Often, when we’re learning music in choir, we receive sheet music, and learn the piece by reading the essential information contained in that sheet music. While learning to read music is a vital part of being a good musician, there are also several benefits from learning music aurally.
Learning music aurally is often referred to by other names; ear training, playing by ear, etc… It is an extremely important skill for any musician to develop, but it is particularly useful for singers.
Ear training allows singers to understand the note they are singing in relation to the other notes around them. Understanding the context of the music, allows singers to listen to music critically, and more thoroughly appreciate the relationship between intervals. This can be an especially important skill when singing atonal music.
Learning music aurally can also help singers to appreciate the nuances of sound. When a singer doesn’t have to focus on the written music, they are able to hear the small subtleties in intonation, timbre, and colour of the sound they are producing. This focus on the nuances of sound can greatly improve the overall choral sound, as well as individual singers’ voices.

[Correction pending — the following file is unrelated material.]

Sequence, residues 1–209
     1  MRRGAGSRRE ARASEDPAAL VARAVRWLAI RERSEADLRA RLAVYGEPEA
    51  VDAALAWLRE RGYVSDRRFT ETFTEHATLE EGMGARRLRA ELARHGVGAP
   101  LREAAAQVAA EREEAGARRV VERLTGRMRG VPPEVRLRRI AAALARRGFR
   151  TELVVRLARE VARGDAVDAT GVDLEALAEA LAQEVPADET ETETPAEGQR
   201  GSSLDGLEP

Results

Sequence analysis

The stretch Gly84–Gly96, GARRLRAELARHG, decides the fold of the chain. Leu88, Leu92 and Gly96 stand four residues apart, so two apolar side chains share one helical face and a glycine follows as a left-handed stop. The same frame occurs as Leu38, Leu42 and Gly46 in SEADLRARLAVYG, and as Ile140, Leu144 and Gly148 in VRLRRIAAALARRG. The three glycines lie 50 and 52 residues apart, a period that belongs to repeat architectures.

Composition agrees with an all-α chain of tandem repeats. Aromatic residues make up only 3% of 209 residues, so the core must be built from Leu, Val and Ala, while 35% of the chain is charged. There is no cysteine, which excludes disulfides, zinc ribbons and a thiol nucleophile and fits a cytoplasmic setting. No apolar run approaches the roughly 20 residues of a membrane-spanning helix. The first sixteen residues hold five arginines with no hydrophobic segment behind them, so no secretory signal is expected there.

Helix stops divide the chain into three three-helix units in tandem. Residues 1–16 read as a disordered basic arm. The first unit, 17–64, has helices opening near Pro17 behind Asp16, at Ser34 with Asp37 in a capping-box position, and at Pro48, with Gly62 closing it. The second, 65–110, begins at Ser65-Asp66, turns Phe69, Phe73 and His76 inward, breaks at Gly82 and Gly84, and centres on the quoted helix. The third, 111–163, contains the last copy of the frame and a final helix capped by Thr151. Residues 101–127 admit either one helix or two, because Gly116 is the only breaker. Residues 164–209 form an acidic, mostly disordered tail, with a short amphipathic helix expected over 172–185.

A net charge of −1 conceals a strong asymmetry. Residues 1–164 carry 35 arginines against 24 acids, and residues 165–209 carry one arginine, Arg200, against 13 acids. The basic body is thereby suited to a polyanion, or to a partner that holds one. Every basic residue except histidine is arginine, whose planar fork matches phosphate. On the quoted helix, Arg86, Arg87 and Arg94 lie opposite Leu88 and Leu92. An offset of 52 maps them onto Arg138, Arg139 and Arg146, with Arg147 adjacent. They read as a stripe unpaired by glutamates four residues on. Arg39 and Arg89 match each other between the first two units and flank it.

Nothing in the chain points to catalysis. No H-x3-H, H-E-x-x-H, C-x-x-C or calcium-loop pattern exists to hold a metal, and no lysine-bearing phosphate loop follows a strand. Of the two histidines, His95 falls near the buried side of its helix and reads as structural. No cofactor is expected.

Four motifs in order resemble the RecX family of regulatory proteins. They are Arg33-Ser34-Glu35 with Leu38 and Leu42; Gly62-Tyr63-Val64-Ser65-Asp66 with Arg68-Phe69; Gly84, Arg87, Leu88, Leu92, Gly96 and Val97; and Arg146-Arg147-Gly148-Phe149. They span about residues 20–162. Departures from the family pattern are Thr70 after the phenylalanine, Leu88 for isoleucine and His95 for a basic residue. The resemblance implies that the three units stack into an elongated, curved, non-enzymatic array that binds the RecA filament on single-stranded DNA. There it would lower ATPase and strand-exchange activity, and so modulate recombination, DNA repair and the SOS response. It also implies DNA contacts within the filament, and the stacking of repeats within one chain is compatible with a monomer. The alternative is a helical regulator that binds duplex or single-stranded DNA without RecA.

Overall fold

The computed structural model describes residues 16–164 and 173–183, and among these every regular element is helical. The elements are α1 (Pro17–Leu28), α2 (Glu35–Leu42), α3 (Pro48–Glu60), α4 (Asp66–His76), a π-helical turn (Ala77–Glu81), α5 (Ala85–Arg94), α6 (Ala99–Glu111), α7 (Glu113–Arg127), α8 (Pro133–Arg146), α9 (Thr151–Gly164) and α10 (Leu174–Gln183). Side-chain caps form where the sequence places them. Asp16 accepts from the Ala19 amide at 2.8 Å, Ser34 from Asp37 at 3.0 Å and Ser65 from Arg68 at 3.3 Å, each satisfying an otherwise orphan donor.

When an entire choir is focused on the subtleties of the sound they’re creating, by learning the music aurally, they also become much more attuned to the sound the other people around them are creating. Listening critically is essential for any singer, and it greatly aids choirs in producing a blended sound; the ultimate goal of choral singing!
Do you like to learn music aurally? Tell us in the comments below!